[00:38:35] Samantha Farro: Yes, that was an excellent move on the CDC. And I think it’s because we started to get more data about the risks, particularly in the fall of 2021, a meta-analysis was published that, essentially a meta-analysis combined the results across many different studies that included over 91 million people. And it found evidence that people with preexisting mood disorders are at significantly higher risk of hospitalization and death by COVID-19. So this evidence reinforces that mental health conditions like mood disorders are an underlying medical condition that can impact your susceptibility to COVID-19. We know in general that mental health conditions impact immune functioning and resistance to disease and infection. Therefore, again, it is absolutely vital for people with mental health conditions to ensure their safety and health by getting COVID vaccines and booster shots. I think it’s one of the things that, you know, I was really pleased with the CDC came out with that guideline, and I think that that guideline can save lives.

[00:39:52] Shani Hosten: Great. Thank you again. Such important information, and I just wanted to reiterate one number that you shared, the 1-800-273-TALK, T-A-L-K. That was a great tip for us, too. So, Dr. Webb, why do some people get COVID while others do not? And what are we learning about the risk factors and the role of genetics?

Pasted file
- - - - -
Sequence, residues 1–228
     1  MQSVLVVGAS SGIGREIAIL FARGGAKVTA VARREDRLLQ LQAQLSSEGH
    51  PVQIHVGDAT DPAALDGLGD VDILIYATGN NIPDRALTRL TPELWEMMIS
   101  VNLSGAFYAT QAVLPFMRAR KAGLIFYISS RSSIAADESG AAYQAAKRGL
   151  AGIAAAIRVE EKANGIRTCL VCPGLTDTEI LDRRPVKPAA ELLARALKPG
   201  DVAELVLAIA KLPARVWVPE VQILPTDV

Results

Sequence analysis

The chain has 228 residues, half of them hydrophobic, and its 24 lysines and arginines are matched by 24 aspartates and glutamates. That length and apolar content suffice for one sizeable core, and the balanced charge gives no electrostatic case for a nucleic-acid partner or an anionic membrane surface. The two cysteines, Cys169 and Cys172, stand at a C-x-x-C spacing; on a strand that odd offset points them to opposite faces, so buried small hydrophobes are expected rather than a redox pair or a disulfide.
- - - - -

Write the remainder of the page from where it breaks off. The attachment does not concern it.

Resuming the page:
[00:40:17] Cameron Webb: Well, I think there’s still a lot that we’re, that we’re learning. You know, the dynamics of the different variants of COVID-19 have continued to evolve. So I think right at this point, I wouldn’t necessarily suggest that there’s any genetic susceptibility that people have to COVID that’s different from individual to individual, but that certainly is the case. There are a lot of theories about that in the earliest weeks and months of this pandemic. I think the simplest explanation is that folks who have any compromise or any conditions that kind of lessen or lower their body’s ability to engage in upper respiratory infection, they tend to have more and often more severe infections. What we’ve seen is that, you know, with the omicron variant in particular, it seems very effective at infecting pretty much everybody. And so the biggest predictor of whether or not somebody is going to get COVID-19 is exposure as opposed to genetics. And so your ability to minimize exposure is important, and you do that through layered mitigation strategies like mask wearing, like avoiding crowded indoor spaces, and like just being very careful about who you are around, and leveraging tests effectively, both for you and for the people who you’re going to come into contact with, those at-home rapid tests can be a really helpful tool in creating safe spaces when you do spend time with people indoors, including family members. And so those are some of the key dynamics.